Please see my personal website for more content and updates!
Hi, I'm Eshed Margalit, a recent graduate of the undergraduate neuroscience program here at USC. I majored in computational neuroscience and minored in computer science. Since joining the Image Understanding Lab, I've studied object recognition, voice recognition, and in particular, face recognition. Despite the remarkable speed and accuracy with which most people can recognize family, friends, and celebrities by their face alone, the mechanisms which underlie this valuable ability remain only partially understood.
A branch of my research focuses on prosopagnosia, a rare condition marked by an inability to recognize familiar faces. My goal is to better understand the underlying causes of this condition using a variety of methodologies, including behavioral studies, fMRI experiments, and computational modeling. This line of research is closely paralleled by studies on phonagnosia, an inability to recognize familiar voices. Accordingly, I've conducting research examining both normal and abnormal voice recognition.
My senior thesis, "The Coding of Object Shape in the Lateral Occipital Complex (LOC)", examines the representation of shape in a cortical area critical for object perception, the lateral occipital complex. This fMRI study aims to determine why LOC responds more strongly to intact objects than to their pixel-scattered versions.
I created a web-application designed to introduce vision scientists to a model of early visual cortex, the Gabor-jet model, which can be used to quantitatively determine the perceptual similarity of two images (according to visual area V1). Check it out here!
Prior to my work in the Image Understanding Lab, I studied the noradrenergic system in the brain, examining the role of the interaction between aging and the locus coeruleus-norepinephrine system on cognition and neurodegenerative disease.
I'm currently a student in the Stanford Neurosciences Ph.D. program, where I am continuing to explore the neural and computational bases of object and facial recognition.
- Margalit, E., Biederman, I., Tjan, B.S., & Shah, M.P. (2017). What is actually affected by the scrambling of objects when localizing LOC? Journal of Cognitive Neuroscience.
- Margalit, E., Shah, M. P., Tjan, B. S., Biederman, I., Keller, B., & Brenner, R. (2016). The Lateral Occipital Complex shows no net response to object familiarity. Journal of Vision, 16(11):3, 1-8.
- Clewett, D., Lee, T.H., Greening, S., Ponzio, A., Margalit, E., & Mather, M. (2016). Neuromelanin marks the spot: Identifying a locus coeruleus biomarker of cognitive reserve in healthy aging. Neurobiology of Aging , 137, 117-126.
- Margalit, E., Biederman, I., Herald, S. B., Yue, X., & von der Malsburg, C. (2016). An applet for the Gabor scaling of the differences between complex stimuli. Attention, Perception, & Psychophysics. 78(8), 2298-2306. doi:10.3758/s13414-016-1191-7. [PDF]
Posters and Presentations
- Biederman, I., Herald, S. B., Xu, X., Amir, O., Shilowich B. E., & Margalit, E. (2015). Phonagnosia, a Voice Homologue to Prosopagnosia. Poster presented at the Annual Meeting of the Vision Sciences Society, St. Petersburg Beach, FL. May.
- Clewett, D., Lee, T.H., Greening, S. G., Ponzio, A., Margalit, E., & Mather M. (2015). Neuromelanin Marks the Spot: A Locus Coeruleus Substrate of Cognitive Reserve in Healthy Aging. USC Neuroscience Graduate Student Symposium, Los Angeles, CA. Jan.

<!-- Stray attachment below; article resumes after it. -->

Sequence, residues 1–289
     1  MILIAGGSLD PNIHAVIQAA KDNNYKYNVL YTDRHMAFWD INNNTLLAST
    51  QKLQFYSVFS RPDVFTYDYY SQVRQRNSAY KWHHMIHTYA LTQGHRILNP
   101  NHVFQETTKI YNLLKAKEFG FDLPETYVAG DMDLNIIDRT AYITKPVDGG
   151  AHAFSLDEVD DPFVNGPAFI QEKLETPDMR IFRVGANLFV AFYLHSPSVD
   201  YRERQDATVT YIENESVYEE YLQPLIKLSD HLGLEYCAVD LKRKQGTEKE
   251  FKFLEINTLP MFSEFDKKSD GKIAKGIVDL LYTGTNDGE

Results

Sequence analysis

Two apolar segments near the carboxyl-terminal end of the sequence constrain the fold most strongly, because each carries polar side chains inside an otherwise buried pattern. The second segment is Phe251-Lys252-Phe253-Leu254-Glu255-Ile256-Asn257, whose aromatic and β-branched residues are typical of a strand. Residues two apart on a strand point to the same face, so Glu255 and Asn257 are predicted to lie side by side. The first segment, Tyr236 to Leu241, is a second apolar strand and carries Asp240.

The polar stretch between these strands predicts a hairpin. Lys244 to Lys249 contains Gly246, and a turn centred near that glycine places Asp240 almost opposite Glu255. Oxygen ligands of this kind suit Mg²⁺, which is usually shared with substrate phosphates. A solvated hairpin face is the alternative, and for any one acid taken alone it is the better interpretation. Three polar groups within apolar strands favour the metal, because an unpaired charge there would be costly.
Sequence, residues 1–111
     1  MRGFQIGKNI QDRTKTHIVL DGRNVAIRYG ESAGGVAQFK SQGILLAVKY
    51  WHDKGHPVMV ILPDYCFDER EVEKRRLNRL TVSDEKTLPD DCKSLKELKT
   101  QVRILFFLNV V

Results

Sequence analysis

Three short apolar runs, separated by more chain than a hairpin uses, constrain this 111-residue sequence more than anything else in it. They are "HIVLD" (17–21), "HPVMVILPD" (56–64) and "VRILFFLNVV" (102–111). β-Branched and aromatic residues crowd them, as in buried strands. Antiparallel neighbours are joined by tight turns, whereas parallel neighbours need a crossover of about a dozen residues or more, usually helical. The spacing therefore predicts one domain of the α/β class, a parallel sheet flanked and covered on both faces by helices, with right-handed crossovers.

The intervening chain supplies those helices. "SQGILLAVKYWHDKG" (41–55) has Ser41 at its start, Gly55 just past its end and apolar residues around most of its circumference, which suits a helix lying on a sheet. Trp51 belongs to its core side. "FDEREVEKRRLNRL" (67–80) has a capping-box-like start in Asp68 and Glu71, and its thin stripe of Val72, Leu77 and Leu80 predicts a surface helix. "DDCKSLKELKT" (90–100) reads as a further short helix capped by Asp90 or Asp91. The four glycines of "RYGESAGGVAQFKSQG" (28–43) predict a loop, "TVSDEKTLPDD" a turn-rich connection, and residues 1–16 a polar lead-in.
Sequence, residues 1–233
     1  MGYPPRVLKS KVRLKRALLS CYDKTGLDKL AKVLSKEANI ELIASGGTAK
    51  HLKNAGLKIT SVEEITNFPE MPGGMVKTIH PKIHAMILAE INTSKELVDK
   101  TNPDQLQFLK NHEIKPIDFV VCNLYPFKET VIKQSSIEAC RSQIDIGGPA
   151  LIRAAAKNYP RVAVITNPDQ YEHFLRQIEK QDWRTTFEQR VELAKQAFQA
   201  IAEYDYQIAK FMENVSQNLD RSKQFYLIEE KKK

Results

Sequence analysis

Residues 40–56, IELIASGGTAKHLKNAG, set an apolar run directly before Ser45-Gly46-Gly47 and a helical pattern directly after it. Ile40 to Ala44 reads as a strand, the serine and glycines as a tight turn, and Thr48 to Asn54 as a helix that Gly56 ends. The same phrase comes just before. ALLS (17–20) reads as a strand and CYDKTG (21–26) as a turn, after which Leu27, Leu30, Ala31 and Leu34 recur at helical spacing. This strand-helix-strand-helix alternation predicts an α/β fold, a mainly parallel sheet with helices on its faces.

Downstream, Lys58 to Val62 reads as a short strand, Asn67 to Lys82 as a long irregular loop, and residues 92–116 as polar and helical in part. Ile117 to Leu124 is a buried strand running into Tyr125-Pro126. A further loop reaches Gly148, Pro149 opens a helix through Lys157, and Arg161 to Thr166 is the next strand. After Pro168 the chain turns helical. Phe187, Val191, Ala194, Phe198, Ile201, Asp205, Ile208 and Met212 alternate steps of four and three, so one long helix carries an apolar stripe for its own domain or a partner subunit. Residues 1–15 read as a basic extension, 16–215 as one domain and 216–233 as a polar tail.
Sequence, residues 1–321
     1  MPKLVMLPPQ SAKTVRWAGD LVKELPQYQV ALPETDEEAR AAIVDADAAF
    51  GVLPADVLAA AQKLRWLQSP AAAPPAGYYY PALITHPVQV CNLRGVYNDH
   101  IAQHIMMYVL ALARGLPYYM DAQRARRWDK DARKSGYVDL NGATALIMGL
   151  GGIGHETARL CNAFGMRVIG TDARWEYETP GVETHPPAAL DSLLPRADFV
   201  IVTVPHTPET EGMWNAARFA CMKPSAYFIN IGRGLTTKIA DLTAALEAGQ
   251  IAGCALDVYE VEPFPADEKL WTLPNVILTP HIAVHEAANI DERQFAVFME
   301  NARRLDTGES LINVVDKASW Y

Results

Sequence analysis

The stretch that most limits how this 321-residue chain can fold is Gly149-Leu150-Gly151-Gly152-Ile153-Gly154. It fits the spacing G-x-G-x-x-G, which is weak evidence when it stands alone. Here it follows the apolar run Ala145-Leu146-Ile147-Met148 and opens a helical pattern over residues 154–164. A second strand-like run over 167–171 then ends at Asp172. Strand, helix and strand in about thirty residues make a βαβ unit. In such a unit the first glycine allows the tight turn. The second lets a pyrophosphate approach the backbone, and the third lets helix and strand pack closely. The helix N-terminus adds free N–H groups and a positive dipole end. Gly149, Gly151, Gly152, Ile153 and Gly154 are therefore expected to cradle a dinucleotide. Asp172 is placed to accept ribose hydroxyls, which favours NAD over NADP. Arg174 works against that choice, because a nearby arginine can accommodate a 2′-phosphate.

- Biederman, I., Margalit, E., Tjan B.S., & Shah, M.P. (2016). What is actually affected by the scrambling of objects when localizing LOC? To be presented at the Annual Meeting of the Vision Sciences Society, St. Petersburg Beach, FL. May.
- Margalit, E., Juarez, J., Herald, S.B., Yue, X., & Biederman, I. (2016). What might be the General Visual Deficit that Underlies Developmental Prosopagnosia? To be presented at the Annual Meeting of the Vision Sciences Society, St. Petersburg Beach, FL. May.
- Irawan, I., Margalit, E., Herald, S.B., & Biederman, I. (2016). Vertices are Effective in Perceptual Grouping (and Ungrouping). To be presented at the Annual Meeting of the Vision Sciences Society, St. Petersburg Beach, FL. May.
- Biederman, I., Margalit, E., Tjan, B. S., & Shah, M. P. (2016). What is actually affected by the scrambling of objects when localizing LOC? Paper presented at the Annual Meeting of the Society of Experimental Psychologists. Columbia University, New York. April.
Honors and Awards
NSF fellowship recognizes and supports outstanding graduate students in NSF-supported science, technology, engineering, and mathematics disciplines.
Awarded to USC's best neuroscience student with senior standing
This award was established in memory of Brian Phillip Rakusin, USC's first Neuroscience Major. The scholarship is awarded each year to the most outstanding Neuroscience student who will be on campus for at least one more year after receiving the award. Successful candidates must demonstrate outstanding achievements and aspirations in the field of Neuroscience.
Awarded to students who excel in the classroom while demonstrating the ability to create exceptional new scholarship
George H. Mayr Scholarship Foundation
Awarded to outstanding students from California in the college of letters, arts, and sciences
Quarter tuition scholarship to USC
USC Trustee's Award Winner, 2016
Awarded for highest GPA among undergraduate males at the University
University of Southern California
Image Understanding Lab HNB 316
3641 Watt Way
Los Angeles, CA 90089-2520
Lab Phone: (213) 740-6102
Fax: (213) 740-5687